Review copy provided by the publisher.
This is an absolutely lovely brick. I loved reading it, and I recommend it highly. Wilson is the author of a similarly huge history of the Thirty Years War which I also really enjoyed, and he starts this book in 1500 in part because he knows that a lot of the “common wisdom” about things that started with or after the Thirty Years War is not true and wants to give a fuller context.
This book isn’t called The Swiss: They Exist, Dammit but that’s a major theme that works really, really well: Wilson doesn’t mistake the current national boundaries among German-speaking peoples for inevitable eternal destiny, and this makes a lot of things make a lot more sense than they do if you assume that we have arrived at the one true set of national boundaries toward which everyone was always yearning. This is true of the Austrians but especially of the Swiss, they are so often relegated to “I dunno they were up in the mountains somewhere what do you want from me.” Not this time. Detailed accounts of the establishment and maintenance of Swiss neutrality, Swiss mercenary corps, etc. Hurrah.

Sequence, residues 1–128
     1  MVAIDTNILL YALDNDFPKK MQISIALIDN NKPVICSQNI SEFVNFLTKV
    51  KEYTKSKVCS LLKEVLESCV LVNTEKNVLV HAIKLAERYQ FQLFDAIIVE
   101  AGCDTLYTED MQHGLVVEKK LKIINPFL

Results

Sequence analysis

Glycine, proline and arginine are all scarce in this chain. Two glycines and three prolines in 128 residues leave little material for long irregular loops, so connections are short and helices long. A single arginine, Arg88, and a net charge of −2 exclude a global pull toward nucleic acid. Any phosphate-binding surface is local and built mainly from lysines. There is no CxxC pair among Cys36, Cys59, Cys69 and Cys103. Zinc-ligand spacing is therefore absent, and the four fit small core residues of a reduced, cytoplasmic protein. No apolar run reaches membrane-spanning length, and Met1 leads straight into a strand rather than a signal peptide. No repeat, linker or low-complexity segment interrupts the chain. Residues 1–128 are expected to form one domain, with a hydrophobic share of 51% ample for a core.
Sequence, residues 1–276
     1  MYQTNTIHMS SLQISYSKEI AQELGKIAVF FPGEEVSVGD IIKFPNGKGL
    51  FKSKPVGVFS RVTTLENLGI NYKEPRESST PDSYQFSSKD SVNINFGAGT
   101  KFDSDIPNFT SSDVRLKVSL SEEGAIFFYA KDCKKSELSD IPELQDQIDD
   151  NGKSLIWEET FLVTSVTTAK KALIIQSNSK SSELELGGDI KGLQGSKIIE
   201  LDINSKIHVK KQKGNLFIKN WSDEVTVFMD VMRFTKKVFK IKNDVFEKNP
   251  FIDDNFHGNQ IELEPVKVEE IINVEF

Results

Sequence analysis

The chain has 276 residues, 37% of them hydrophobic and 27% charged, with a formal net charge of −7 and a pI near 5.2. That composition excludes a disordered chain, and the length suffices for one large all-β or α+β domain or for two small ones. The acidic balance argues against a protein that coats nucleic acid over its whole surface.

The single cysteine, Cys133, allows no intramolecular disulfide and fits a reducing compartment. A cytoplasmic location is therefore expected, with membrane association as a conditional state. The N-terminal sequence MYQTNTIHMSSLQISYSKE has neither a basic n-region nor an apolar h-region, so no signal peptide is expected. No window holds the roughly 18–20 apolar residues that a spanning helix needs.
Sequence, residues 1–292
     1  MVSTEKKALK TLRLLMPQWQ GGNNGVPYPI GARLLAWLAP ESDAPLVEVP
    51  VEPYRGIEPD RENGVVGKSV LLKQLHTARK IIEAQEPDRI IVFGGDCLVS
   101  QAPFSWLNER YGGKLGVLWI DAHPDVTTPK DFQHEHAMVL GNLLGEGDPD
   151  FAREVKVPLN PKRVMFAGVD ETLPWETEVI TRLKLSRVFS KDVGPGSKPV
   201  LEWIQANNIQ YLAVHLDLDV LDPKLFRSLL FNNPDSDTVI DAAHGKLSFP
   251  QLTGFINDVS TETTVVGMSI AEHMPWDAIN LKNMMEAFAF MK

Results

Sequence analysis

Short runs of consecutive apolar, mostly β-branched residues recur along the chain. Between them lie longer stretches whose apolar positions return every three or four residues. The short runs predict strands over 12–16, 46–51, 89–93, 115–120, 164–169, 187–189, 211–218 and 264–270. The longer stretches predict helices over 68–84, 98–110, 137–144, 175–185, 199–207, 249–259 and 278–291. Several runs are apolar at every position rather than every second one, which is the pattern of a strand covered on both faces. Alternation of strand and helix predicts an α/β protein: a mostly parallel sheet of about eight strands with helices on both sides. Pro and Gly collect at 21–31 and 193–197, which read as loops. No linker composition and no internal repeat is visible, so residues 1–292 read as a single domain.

It’s quite a long and eventful bit of history to cover, so my one complaint is that Wilson has chosen to divide into periods and then into theme within period…which is great…but his periods are extremely long. And I get that he has stuff he wants to cover about how various things in WWII segued directly into how militaries were handled in the divided Germanies of the 20th century and that segued into how the reunited Germany handles those same issues in the present, but…it made for a lot of back-and-forthing. 1930s to present is…rather long. As periods go for this kind of discussion.
Nevertheless, this is a book that has a lot of interesting things to say both about fun details with which you can amaze your family (plunderhosen, my pals) and about the larger patterns–and also what they weren’t. It’s the sort of book that seems essential once you have it.